By Emily Field
Law360, New York (January 13, 2017, 5:33 PM EST) — Three Takata Corp. executives have been indicted on criminal charges for their alleged roles in a more than decadelong scheme to hide the truth about the company’s potentially deadly air bag inflators from automakers, federal regulators and the public, the U.S. Department of Justice announced Friday.
The three executives, all Japanese citizens, are alleged to have routinely discussed in emails the need to falsify reports to their automaker customers and referred to altering or omitting unfavorable test data as “XX-ing” the data, U.S. Attorney Barbara McQuade said during a press conference in Detroit. The three men, who worked for Takata since the 1970s and ’90s, are facing charges of wire fraud and conspiracy to commit wire fraud, according to the DOJ.
“Even after the inflators began to fail in the field and injuries and deaths were occurring, these Takata executives continued to withhold the true data from its customers,” McQuade said. “If these carmakers had known the truth about the dangers of these air bags and the ruptures, they would have insisted that these problems be resolved and they would have refused to put these air bags in their cars.”
Millions of air bags made by Takata have been recalled worldwide because of their inflators’ alleged tendency to explode. The cheap but volatile ammonium nitrate that inflates the bags can misfire, especially in humid conditions, and shoot off chemicals and shards at passengers and drivers.
These inflators have been linked to 16 deaths worldwide, 11 of which were in the U.S., as well as at least a hundred injuries.
The executives — Shinichi Tanaka, 59, Hideo Nakajima, 65, and Tsuneo Chikaraishi, 61 — were each charged in an indictment filed Dec. 7 in Michigan federal court; the documents were unsealed on Friday morning.
The executives were suspended by Takata in 2015 and are not currently working for the company, McQuade said. The DOJ will be working with Japanese authorities to secure their extradition, according to McQuade.
They are alleged to have signed and submitted false reports to customers and directed engineers to falsify data, McQuade said. Tanaka was the executive vice president of the inflator global operations; Nakajima oversaw engineering at Takata’s automotive systems lab; and Chikaraishi was head of Asian air bag inflator operations, according to McQuade.
McQuade also formally announced that — as reported Thursday — Takata has agreed to plead guilty to wire fraud and pay a total of $1 billion in penalties for fraudulently concealing the truth about its air bag inflators.
Under the terms of the agreement, Takata will pay $975 million in restitution and a $25 million fine. Two restitution funds will be established: a $125 million compensation fund for past and future victims who haven’t reached a settlement, and a $850 million fund to compensate automakers for the costs of recalling and replacing the air bags.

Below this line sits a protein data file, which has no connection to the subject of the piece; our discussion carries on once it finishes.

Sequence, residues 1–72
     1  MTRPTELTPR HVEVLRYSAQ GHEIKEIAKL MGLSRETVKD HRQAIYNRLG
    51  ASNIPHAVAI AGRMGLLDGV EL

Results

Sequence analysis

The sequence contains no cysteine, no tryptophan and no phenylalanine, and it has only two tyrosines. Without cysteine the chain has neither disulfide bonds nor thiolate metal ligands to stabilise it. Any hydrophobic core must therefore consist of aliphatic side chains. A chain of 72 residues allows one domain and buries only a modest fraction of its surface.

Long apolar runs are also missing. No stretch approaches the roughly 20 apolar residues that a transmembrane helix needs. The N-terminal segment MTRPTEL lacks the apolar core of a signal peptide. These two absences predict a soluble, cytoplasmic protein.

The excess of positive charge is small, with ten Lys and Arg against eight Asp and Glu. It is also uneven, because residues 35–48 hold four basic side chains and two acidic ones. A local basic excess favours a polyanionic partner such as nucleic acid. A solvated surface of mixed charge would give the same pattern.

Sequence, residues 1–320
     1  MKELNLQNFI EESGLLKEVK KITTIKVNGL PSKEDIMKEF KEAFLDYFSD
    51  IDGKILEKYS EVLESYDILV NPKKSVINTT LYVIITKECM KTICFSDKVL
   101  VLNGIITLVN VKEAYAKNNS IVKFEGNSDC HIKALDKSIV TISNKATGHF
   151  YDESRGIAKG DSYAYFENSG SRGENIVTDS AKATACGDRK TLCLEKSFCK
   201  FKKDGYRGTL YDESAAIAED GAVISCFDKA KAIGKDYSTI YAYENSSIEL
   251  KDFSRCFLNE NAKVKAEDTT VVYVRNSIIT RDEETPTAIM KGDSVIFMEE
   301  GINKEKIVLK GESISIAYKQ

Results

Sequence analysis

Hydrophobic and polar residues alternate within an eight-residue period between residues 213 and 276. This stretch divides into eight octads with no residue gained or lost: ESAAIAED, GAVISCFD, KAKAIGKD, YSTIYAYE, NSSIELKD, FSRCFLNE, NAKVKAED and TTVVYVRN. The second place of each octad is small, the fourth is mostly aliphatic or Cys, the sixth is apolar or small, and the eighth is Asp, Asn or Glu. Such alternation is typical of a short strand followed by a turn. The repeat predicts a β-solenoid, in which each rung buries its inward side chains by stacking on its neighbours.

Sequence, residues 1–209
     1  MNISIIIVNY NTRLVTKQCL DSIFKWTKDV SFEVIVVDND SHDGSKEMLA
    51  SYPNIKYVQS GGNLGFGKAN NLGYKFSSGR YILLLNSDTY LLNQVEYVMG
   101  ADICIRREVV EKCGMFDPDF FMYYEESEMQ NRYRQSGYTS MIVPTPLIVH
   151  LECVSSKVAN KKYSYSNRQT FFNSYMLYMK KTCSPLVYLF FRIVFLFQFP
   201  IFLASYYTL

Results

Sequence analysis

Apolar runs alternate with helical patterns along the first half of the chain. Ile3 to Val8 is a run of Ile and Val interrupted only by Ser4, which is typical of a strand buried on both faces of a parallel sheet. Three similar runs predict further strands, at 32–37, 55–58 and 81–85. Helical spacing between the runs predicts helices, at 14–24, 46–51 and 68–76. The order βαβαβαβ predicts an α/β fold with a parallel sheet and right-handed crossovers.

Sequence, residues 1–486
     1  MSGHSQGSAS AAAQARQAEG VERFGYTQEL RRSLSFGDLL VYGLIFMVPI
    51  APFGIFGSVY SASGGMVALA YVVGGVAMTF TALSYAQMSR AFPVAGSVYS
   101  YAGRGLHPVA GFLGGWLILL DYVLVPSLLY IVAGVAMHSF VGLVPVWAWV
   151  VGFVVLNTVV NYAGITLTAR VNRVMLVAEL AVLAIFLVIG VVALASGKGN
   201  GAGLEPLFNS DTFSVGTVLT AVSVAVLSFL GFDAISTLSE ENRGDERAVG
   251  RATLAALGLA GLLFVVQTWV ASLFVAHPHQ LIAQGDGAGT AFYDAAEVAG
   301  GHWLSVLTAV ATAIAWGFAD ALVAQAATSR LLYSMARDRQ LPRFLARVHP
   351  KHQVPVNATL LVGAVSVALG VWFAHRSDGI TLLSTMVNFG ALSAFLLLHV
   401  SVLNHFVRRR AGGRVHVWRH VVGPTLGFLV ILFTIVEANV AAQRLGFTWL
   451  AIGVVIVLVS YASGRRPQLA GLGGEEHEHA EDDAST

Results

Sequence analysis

The parties have recommended that Kenneth Feinberg, who oversaw the General Motors ignition switch compensation fund, be tapped as special master for the funds, McQuade said.
A little more than a year ago, the National Highway Traffic Safety Administration imposed on Takata a $200 million fine, its largest ever, in a deal that included the auto parts maker admitting that it failed to alert the agency of the defect despite knowing about it and then withholding relevant investigative information.
At that time, NHTSA estimated that the exploding inflators had caused around 98 injuries, with most inflator ruptures taking place on the driver’s side of the vehicle.
The recall of the notorious Takata air bag inflators in the U.S. became the largest in the country’s history in May when NHTSA added at least 35 million units, more than doubling its size.
A massive multidistrict litigation involving personal injury victims and people whose car values have decreased is in progress in Florida. Defendants include Takata itself and a number of automakers.
“Takata’s criminal guilty plea comes as no surprise and was expected,” Peter Prieto of Podhurst Orseck PA, chair lead plaintiffs’ counsel, said in a statement Friday. “The guilty plea also will have no adverse impact on the civil cases against the automakers in the MDL because the automakers have separate and independent civil liability to their consumers who bought their cars not from Takata but from the automakers, all of whom represented that their cars were safe.”
The Takata executives could not be reached for comment Friday.
The DOJ is represented by U.S. Attorney Robert Zink, Trial Attorneys Brian K. Kidd, Christopher D. Jackson and Andrew R. Tyler, and Assistant U.S. Attorneys John K. Neal, Erin S. Shaw and Andrew J. Yahkind.
Counsel information for the executives was not immediately available Friday.
The case is U.S. v. Tanaka, case number 16-cr-20810, in the U.S. District Court for the Eastern District of Michigan.
–Editing by Breda Lund.